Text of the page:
3 Likes

Update 2.0.0-alpha: I’ve reworked this, with many features substancially modified, however despite many bugs fixees, you might still encounter bugs and issues. If you are that interested in precise numbers there are far superior implementions out there, GNU GMP is one of them. This module (all versions) is not reliable to use for this by any means.

• `BigInteger.new(-1) < BigInteger(-2)` now returns `false` as it should be, this is an obvious bug fixed that I didn’t notice for some reason.
• BigInteger (not BigDecimal) now `rawequals` to each other, so you can index it without a doubt. But don’t be 100 % certain it will as this is the alpha version.
• Added BigDecimal, so it supports decimals too.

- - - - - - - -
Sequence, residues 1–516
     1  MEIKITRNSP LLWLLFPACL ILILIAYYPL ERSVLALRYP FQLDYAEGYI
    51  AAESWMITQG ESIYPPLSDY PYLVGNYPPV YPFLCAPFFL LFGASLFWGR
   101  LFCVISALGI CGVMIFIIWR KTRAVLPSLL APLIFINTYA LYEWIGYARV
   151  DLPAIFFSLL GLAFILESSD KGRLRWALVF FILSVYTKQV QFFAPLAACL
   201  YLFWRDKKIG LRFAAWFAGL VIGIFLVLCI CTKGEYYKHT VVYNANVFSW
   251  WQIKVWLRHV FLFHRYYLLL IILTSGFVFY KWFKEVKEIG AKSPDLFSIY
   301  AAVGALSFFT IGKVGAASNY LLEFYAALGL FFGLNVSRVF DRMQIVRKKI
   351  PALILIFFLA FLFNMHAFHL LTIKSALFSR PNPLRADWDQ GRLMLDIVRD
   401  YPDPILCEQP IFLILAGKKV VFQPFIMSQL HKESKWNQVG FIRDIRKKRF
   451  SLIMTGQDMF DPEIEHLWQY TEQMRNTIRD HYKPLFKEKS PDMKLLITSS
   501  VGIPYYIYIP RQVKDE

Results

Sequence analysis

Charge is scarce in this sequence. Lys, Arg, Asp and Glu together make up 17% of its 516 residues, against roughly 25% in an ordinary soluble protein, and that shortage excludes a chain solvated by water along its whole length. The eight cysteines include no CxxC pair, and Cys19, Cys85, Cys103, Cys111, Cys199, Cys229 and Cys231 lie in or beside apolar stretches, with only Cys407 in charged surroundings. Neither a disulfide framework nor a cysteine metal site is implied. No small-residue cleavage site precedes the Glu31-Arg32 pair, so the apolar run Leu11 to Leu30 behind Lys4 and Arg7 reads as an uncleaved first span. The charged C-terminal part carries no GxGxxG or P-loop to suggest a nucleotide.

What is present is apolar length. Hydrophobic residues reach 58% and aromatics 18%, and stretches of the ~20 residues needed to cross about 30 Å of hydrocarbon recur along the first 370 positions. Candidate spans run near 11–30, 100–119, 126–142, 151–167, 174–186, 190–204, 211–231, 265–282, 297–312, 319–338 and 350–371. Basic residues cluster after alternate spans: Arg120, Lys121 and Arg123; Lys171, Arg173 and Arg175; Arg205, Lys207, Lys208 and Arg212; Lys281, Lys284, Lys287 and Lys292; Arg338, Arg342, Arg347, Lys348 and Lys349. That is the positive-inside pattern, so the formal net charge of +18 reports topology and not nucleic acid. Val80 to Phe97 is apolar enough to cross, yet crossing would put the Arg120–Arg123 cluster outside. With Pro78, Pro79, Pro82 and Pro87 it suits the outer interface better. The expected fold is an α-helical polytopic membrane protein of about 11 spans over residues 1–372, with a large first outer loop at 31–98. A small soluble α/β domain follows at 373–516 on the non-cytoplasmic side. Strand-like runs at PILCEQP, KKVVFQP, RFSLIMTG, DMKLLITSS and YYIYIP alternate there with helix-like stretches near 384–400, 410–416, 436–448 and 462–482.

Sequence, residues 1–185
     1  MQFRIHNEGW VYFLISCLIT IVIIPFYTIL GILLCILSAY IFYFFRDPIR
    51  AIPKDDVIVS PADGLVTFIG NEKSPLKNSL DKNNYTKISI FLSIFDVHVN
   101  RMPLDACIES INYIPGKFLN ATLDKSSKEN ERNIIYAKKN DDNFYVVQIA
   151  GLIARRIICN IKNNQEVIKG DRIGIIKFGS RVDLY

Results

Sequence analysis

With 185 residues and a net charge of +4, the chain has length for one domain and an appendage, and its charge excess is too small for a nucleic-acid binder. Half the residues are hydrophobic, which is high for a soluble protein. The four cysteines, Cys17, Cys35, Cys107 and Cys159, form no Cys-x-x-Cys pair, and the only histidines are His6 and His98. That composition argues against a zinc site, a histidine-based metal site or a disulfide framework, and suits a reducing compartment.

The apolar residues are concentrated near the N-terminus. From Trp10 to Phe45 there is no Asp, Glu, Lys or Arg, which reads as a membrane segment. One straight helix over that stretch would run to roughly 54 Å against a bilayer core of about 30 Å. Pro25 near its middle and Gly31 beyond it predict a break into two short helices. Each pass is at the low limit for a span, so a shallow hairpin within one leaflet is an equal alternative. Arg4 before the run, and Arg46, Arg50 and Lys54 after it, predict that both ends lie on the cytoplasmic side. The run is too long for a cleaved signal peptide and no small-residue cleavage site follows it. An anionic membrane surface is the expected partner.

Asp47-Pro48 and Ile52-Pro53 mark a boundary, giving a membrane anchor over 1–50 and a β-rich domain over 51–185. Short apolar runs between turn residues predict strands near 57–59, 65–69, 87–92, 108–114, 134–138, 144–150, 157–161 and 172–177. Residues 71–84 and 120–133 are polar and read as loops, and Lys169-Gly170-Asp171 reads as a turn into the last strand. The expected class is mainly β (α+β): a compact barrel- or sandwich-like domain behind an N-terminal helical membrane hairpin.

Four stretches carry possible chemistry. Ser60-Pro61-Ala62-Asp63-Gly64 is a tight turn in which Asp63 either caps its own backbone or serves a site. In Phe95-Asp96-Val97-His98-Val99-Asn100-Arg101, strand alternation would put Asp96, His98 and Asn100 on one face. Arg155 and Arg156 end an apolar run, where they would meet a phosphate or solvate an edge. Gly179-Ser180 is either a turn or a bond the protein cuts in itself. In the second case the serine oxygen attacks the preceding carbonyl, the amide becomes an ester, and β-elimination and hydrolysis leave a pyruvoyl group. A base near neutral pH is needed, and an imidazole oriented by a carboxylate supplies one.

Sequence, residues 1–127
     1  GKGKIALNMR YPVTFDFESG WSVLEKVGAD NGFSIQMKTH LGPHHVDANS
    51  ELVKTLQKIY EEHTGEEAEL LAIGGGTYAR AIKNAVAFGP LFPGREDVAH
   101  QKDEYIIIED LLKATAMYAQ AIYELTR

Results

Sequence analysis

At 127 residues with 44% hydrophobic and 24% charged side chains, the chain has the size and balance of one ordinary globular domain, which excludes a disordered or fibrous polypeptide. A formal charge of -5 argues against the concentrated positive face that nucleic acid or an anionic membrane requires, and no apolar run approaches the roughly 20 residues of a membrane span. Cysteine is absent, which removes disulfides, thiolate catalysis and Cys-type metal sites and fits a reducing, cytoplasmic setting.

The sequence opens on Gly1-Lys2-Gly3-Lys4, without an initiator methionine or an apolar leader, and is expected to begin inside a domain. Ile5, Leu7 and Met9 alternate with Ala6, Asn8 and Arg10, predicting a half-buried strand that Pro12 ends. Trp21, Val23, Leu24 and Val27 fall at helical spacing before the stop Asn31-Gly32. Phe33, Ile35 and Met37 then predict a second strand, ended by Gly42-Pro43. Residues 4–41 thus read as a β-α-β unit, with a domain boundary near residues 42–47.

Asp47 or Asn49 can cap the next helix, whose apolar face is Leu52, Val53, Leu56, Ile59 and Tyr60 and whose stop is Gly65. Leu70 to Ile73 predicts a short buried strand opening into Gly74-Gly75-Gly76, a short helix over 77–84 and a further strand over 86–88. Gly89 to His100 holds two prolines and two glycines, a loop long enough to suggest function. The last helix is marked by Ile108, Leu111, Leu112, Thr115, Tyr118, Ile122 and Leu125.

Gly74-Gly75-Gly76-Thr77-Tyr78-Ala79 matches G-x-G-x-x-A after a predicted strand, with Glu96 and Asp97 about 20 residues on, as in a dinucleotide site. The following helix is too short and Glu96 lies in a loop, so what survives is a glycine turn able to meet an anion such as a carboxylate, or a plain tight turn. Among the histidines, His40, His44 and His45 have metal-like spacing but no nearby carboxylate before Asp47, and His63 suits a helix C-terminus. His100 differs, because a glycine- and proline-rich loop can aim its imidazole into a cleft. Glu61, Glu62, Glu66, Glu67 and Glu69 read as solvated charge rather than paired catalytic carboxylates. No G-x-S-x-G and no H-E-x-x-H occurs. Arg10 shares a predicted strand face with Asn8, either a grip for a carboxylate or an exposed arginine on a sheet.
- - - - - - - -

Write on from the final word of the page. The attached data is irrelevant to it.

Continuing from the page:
• Now it edits the bits directly when doing arithmetic instead of converting it to base 2 for nothing. Also includes signs so now it’s not stored in base 9 thousand long-scale billion (9.007.199.254.740.992) but base 18 thousand long-scale billion (18.014.398.509.481.984)
• You can now index BigIntegers and do `BigInteger:function()`, most functions names for BigInteger are now in all lowercase. BigDecimal function names is still in pascal case.
• Includes number abbreviation abbreviations from @berezaa’s MoneyLib, the function is `BigInteger:shorten()`. As for BigDecimal `BigDecimal:ToLocaleString('en', { notation = "compact" })` is the closest thing you can achieve this.
• It supports the Intl module, you can simplfy use `BigInteger:tolocalestring()` and `BigInteger:torulebasedlocalestring()` for rule based number formatting.